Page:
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- Following a similar move by Bloomingdale’s, Lacoste has tapped Emperia, a virtual reality tech company, to create a virtual store, according to a Tuesday press release shared with Retail Dive.
- After entering the store through a crocodile’s mouth, virtual visitors can view and purchase five seasonal products in the retailer’s showroom. Another virtual room holds the retailer’s Christmas-themed merchandise, according to the press release.
- The virtual store also has a room only available to members of its UNDW3, the retailer’s Web3 community, who hold a Lacoste NFT. Customers can visit this room in December to get the “loot” boxes, and the retailer will choose five customers each day to win a prize, per the press release.
Among the other companies that Emperia has worked with are Burberry, Dior and Christie’s, per the company’s press release. Earlier this month, Bloomingdale’s joined in on the virtual store trend just in time for the holiday shopping season. The department store had virtual sections for brands like Nespresso, Chanel and Ralph Lauren.
“Lacoste is bridging the gap between holiday shopping and gamification with this unique virtual experience. Tapping into a wide variety of demographics with the various rooms and product ranges enables Lacoste to attract a wide range of demographics,” Olga Dogadkina, co-founder & CEO of Emperia, said in a statement. “Having a presence in the metaverse during such a significant shopping season and utilizing NFTs in a practical way that creates a sense of community, will take Lacoste to the next level, allowing them to leverage e-commerce and web3 innovation like never before, positioning the brand as fashion trailblazer.”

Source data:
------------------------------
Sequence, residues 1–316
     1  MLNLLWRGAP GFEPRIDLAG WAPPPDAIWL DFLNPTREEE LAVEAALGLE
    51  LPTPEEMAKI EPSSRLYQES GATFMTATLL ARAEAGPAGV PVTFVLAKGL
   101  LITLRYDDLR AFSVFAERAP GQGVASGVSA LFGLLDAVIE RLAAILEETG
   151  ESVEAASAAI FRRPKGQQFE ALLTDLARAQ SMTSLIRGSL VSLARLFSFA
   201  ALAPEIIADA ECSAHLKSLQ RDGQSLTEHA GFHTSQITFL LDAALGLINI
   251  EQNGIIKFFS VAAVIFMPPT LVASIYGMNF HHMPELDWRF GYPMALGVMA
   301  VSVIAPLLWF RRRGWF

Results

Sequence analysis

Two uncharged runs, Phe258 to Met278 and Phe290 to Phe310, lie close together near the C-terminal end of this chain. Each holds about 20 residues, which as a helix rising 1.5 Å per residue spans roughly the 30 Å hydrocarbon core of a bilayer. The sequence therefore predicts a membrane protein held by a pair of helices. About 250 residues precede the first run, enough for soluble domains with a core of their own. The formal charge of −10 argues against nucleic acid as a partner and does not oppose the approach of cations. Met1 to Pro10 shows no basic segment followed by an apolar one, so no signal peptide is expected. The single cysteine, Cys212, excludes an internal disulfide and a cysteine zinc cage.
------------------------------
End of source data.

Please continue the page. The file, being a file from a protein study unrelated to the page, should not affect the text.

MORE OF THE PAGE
Like Lacoste and Bloomingdale’s, other retailers and brands have been experimenting with the metaverse to bring in revenue from digital goods and bridge the online world with the real world. In a similar move, Adidas launched a product category for digital gear, enabling customers to buy clothing created for online avatars.
Other brands have also been launching non-fungible tokens to attract customers. In August, Tiffany’s introduced a collection of 250 NFTs that customers could redeem for a real pendant called an NFTiff, previously valued at $47,000. The following month, Gap launched a logo competition in which the winning artist’s Gap logo will be turned into an NFT and featured on a hoodie. The next day, Puma unveiled its first metaverse experience, titled Black Station, ahead of New York Fashion Week, in which customers can buy NFTs and redeem them for limited-edition real shoes.